Fall 2020 - IAT 333 D100

Interaction Design Methods (3)

Class Number: 7825

Delivery Method: In Person


  • Course Times + Location:

    Mo 9:30 AM – 12:20 PM

  • Prerequisites:

    Completion of 48 credits, including IAT 265. Recommended: IAT 102 or 233.



Examines concepts of design practice and related design methods for interaction designers. Design methods include ethnography, personas, design games, role-playing, scenarios, participatory workshops, and prototyping.


Examines concepts of design practice and design methods for interaction designers. Students will learn research and design methods focused on understanding the people for whom we design, situations of use, participatory involvement and modes of conceptualization. These methods include design ethnography, personas, scenarios, participatory workshops, user journeys, and prototyping. In addition to readings, students will engage in a major interaction design project.  


Learning outcomes expected for students include:

- Develop an understanding of interaction design practice

- Understand a range of user-centered design research methods and techniques

- Demonstrate an ability to synthesize appropriate methods and techniques through a semester-long project


This course examines concepts of design practice and related design methods for interaction designers. Interaction design requires design actions to be situated and to highly involve participation of individuals and stakeholders in the design process. This course explores the range of relevant techniques and methods for Interaction Design. In addition, the course introduces the conceptual context of reflective practice as mode of understanding and discussing the design process.

Students will review a wide range of methods focused on conceptualization, use experience and situated use. These include design ethongraphy, personas, participatory workshops / co-creation workshops, scenario-based design, user journeys, and prototyping, and the use of workshops. In addition to readings, students will engage in exploratory design method projects. A major emphasis will also be placed on how to use these methods in effectively communicating the argument and rationale for design decisions to an external audience.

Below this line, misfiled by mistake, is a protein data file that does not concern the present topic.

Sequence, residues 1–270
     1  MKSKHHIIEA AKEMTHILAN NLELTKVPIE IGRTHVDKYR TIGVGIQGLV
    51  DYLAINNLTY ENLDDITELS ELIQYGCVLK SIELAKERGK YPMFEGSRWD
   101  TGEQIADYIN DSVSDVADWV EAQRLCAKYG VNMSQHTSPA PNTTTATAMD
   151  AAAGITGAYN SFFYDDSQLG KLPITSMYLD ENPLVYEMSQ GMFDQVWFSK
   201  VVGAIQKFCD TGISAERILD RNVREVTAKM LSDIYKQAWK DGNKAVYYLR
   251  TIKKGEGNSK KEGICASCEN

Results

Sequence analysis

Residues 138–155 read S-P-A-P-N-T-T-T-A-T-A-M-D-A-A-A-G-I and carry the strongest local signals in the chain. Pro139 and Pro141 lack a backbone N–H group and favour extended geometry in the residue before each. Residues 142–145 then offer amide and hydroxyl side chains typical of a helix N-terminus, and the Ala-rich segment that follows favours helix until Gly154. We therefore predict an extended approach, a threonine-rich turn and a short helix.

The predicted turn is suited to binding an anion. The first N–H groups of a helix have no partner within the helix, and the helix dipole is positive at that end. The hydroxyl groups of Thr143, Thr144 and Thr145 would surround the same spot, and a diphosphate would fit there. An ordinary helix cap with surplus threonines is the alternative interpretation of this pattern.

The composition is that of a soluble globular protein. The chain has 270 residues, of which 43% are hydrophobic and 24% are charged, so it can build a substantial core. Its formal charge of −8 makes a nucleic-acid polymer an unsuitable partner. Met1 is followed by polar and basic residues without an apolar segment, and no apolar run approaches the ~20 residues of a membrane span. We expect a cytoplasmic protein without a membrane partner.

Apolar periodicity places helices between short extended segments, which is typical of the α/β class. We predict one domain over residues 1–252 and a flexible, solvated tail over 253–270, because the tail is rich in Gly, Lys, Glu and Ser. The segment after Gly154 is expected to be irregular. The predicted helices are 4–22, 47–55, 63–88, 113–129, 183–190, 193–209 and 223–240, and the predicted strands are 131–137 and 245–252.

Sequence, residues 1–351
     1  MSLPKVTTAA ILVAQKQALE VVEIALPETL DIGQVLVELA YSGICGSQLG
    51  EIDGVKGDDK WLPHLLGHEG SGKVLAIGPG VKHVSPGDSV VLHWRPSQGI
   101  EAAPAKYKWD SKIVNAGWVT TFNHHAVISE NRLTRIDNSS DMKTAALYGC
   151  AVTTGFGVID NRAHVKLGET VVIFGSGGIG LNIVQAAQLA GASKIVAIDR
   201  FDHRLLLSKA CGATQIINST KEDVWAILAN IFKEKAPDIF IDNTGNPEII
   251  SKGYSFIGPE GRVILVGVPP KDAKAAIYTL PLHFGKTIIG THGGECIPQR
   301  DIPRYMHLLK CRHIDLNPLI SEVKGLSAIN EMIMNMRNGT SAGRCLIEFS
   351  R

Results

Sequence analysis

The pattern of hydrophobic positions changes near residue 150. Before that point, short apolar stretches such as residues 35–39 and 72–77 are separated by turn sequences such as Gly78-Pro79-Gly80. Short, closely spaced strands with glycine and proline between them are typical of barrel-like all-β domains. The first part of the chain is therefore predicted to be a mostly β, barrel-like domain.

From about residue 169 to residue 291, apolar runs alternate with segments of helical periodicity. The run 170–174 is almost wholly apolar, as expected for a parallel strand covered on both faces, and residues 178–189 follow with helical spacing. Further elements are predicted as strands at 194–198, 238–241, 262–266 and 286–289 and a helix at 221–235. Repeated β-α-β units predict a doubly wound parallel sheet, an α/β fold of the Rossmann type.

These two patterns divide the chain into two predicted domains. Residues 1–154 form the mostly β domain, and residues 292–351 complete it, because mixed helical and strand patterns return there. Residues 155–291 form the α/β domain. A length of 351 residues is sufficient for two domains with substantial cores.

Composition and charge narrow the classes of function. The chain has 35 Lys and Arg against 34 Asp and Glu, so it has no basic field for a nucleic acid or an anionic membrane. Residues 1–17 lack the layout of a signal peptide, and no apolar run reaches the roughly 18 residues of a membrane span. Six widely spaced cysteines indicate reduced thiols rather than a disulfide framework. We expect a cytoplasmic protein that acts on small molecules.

Lectures and readings complement the studio assignments.


  • Method Project 1 - Team 10%
  • Method Project 2 - Team 10%
  • Method Project 3 - Team 10%
  • Method Project 4 - Team 10%
  • Method Project 5 - Team 10%
  • Method Project 6 - Team 10%
  • 3 Concept Slides/Storyboards/Journey Framework - Team 10%
  • 2 Concepts, 2 Video Scenarios - Team 10%
  • Final Concept Presentation + Mockup - Team 20%


You will need to have:

  • access to a high-speed internet connection
  • a laptop or PC with a camera and a microphone
  • Adobe software Photoshop, Illustrator, InDesign, and Acrobat Reader

You will be responsible for installing and ensuring that software works on your computer. Please see Adobe website for cost of software. There are free software packages and/or apps that have similar features to Adobe that you can use but keep in mind that there is no tech support provided by the course on installing or troubleshooting software problems or installation. 

Please ensure you have access before registering.



All assignments will be delivered in a .pdf format and no physical course materials are required.


Readings will be available digitally through the online-course platform

Registrar Notes:


SFU’s Academic Integrity web site http://www.sfu.ca/students/academicintegrity.html is filled with information on what is meant by academic dishonesty, where you can find resources to help with your studies and the consequences of cheating.  Check out the site for more information and videos that help explain the issues in plain English.

Each student is responsible for his or her conduct as it affects the University community.  Academic dishonesty, in whatever form, is ultimately destructive of the values of the University. Furthermore, it is unfair and discouraging to the majority of students who pursue their studies honestly. Scholarly integrity is required of all members of the University. http://www.sfu.ca/policies/gazette/student/s10-01.html


Teaching at SFU in fall 2020 will be conducted primarily through remote methods. There will be in-person course components in a few exceptional cases where this is fundamental to the educational goals of the course. Such course components will be clearly identified at registration, as will course components that will be “live” (synchronous) vs. at your own pace (asynchronous). Enrollment acknowledges that remote study may entail different modes of learning, interaction with your instructor, and ways of getting feedback on your work than may be the case for in-person classes. To ensure you can access all course materials, we recommend you have access to a computer with a microphone and camera, and the internet. In some cases your instructor may use Zoom or other means requiring a camera and microphone to invigilate exams. If proctoring software will be used, this will be confirmed in the first week of class.

Students with hidden or visible disabilities who believe they may need class or exam accommodations, including in the current context of remote learning, are encouraged to register with the SFU Centre for Accessible Learning (caladmin@sfu.ca or 778-782-3112).